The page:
Burmese fishermen raise their hands when they are asked who wants to go home, following a report on rampant slavery in the fishing industry in the remote Indonesian island village of Benjina. Photo: AP
The View
by Matthew Friedman
The View
by Matthew Friedman

How socially responsible investing can help end modern slavery

  • Investing with a conscience is a growing trend worldwide, but the focus so far has been on environmental and governance issues. Metrics must be established to track social issues, so investors can make a tangible impact
Globally, it is estimated that more than 40 million men, women and children are victims of modern slavery today, with 62 per cent in Asia and the Pacific. These victims, who can be found in factories, construction sites and fisheries, are forced to work for little or no pay, deprived of their freedom and often subjected to unimaginable suffering. Many of these victims are associated with manufacturing supply chains, which begin with a grower or producer, and end with a finished product on the retail market.
Despite the best efforts of the United Nations, governments and NGOs around the world, only 0.2 per cent of the victims are helped each year. For the world to really make a difference to this problem, the private sector must get on board.
But modern slavery continues to be a sensitive issue in the private sector. Because it is new and often hard to address in a business context, many companies don’t know how to begin the process of engaging. But with a range of new anti-slavery legislation, more lawsuits against corporations and wider media attention, ignoring this issue is no longer an option.
Investors have a key role to play in fighting against modern slavery. Certain goods are more likely to have been produced in conditions of modern slavery, if sourced from certain territories: according to the Global Slavery Index 2018, these include cotton, bricks, garments, sugar cane, gold, carpets, coal, fish, rice, timber, cocoa and electronics. It is essential that investors carefully assess companies in these sectors and have adequate policies and procedures in place to identify and address modern slavery in their supply chains.
In recent years, there has been an increased focus on environmental, social and governance, or ESG, factors in investment decisions. Each stream of ESG data should include indicators of related issues. Environmental data relates to biodiversity, carbon emissions, energy use and water management; Social factors include modern slavery, human rights, diversity, employee relations and occupational health and safety; and governance data relates to board composition, executive compensation, ownership structure and shareholder rights.

Investing with a conscience has grown 17 per cent a year and, today, around US$20 trillion – a quarter of the assets under management worldwide – is invested in accordance with ESG principles. Evidently, sustainable investing can reward companies, shape their policies and positively impact environmental and social issues.

To date, the investment world has focused largely on environmental and governance factors, which are tracked via extensive data and indicators. For example, there is a range of environmental metrics available for tracking global warming and deforestation. Investors value such visibility and prefer to invest in companies producing measurable improvements.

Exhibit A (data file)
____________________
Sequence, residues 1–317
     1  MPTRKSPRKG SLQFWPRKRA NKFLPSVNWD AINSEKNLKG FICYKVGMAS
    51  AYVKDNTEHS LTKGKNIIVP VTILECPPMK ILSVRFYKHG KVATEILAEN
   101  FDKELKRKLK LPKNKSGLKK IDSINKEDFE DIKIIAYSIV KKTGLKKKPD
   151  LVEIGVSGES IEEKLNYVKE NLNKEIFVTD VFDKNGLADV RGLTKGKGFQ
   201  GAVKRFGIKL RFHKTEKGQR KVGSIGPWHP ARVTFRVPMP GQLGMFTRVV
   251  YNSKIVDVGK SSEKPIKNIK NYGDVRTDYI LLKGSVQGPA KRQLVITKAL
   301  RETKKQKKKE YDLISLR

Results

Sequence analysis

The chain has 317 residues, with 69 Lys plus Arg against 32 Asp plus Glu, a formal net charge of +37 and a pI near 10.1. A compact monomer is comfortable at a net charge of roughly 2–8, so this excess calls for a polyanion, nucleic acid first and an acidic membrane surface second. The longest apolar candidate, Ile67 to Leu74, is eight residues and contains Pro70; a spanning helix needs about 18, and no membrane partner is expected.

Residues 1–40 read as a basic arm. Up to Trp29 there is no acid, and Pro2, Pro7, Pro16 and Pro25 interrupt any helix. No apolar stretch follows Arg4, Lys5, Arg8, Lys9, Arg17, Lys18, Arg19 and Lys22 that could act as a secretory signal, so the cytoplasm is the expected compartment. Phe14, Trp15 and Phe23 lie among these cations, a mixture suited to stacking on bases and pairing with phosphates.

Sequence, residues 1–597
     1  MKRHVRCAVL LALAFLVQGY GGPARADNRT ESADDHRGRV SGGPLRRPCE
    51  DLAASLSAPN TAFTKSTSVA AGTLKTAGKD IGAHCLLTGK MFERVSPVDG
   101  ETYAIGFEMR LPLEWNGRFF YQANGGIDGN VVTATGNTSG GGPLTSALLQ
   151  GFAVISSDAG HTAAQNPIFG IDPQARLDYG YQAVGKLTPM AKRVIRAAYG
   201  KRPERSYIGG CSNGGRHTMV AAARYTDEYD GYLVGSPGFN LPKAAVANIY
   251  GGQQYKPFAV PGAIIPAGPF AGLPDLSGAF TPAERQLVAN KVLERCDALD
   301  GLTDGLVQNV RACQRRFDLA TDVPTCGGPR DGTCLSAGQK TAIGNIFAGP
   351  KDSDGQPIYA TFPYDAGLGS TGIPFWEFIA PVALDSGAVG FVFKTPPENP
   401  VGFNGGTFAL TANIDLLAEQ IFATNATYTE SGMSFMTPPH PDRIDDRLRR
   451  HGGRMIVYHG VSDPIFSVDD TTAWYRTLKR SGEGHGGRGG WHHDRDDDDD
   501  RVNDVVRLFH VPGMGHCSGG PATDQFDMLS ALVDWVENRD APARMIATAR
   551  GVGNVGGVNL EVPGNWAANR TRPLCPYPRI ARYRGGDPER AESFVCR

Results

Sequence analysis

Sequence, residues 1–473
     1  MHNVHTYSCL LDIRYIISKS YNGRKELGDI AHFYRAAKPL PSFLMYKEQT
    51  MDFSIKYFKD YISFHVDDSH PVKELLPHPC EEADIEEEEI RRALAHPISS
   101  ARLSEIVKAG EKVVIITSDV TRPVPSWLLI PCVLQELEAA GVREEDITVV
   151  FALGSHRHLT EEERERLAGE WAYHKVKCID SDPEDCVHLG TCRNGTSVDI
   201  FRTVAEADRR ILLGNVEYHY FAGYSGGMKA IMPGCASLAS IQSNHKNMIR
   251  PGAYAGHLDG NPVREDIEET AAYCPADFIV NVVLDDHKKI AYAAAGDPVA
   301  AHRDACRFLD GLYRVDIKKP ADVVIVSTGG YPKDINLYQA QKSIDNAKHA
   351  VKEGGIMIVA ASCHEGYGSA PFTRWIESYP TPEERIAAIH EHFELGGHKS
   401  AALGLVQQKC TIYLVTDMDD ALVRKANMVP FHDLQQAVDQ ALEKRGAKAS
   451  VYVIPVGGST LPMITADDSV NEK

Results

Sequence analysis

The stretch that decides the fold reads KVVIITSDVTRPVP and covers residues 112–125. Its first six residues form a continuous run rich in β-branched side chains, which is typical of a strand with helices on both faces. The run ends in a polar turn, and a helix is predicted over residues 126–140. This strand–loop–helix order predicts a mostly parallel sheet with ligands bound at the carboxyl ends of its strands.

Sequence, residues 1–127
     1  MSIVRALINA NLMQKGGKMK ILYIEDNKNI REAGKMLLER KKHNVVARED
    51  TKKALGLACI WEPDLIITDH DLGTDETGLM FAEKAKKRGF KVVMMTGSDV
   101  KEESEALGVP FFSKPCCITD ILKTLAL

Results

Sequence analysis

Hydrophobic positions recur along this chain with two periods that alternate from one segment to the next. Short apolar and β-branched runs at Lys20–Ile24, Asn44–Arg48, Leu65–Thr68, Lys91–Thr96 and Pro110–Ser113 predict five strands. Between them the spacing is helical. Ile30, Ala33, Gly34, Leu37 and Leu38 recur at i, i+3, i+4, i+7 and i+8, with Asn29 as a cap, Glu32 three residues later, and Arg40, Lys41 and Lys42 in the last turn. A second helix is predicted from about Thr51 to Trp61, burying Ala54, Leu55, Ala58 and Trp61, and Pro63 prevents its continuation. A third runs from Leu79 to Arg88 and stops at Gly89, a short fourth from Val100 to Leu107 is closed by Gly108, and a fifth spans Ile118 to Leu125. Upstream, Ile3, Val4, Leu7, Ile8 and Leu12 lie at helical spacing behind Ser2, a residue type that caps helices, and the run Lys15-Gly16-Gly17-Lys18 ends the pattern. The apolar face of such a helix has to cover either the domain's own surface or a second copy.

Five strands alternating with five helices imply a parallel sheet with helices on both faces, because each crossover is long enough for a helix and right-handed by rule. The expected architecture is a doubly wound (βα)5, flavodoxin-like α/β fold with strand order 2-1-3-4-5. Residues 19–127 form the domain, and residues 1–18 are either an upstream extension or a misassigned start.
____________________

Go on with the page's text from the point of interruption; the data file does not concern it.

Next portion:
However, there has been less emphasis on social issues because the social impact of investment is less tangible. For social factors to achieve the same outcome as environmental ones, indicators and metrics have to be established. In the case of modern slavery, the market lacks a standardised set of quantifiable indicators that companies can use as a reporting standard and that asset managers can base their investments on.

A Nike advertising campaign featuring quarterback Colin Kaepernick, who took a stand on racial injustice, has been a hit with American millennials. As this socially conscious generation stands to inherit US$40 trillion in assets over the next four decades, it is important to cater to these future investors and consumers. Photo: AFP

The Mekong Club has developed a set of indicators that form the basis of private sector training for this issue. The indicators focus on internal practices that associated companies have been advised to implement. They have led to victim identification in supply chains, and proven effective in driving change. Our vision is to enable the investment community to make a tangible impact through their investments, by motivating the companies to implement better practices.

More companies are coming to realise their existence does not have to revolve solely around maximising profits and expanding their business. There is an emerging trend among companies based in Asia for integrating the idea of doing something for the greater good into their corporate DNA.

It must be recognised that doing good and being profitable are not mutually exclusive. In fact, they can be complementary and even create a competitive advantage. Consumers respect companies that take a stand. It has been reported that 84 per cent of millennials are interested in sustainable investing, and as this socially conscious generation stands to inherit US$40 trillion in assets over the next four decades, it is important to cater to these future investors and consumers.

Asset managers hold the power to influence companies and ultimately help victims of modern slavery. With only 0.2% of millions of victims being saved now, investors have a lot of room to make a huge difference.

Matthew Friedman is CEO of the Mekong Club

This article appeared in the South China Morning Post print edition as: Slavery-free portfolios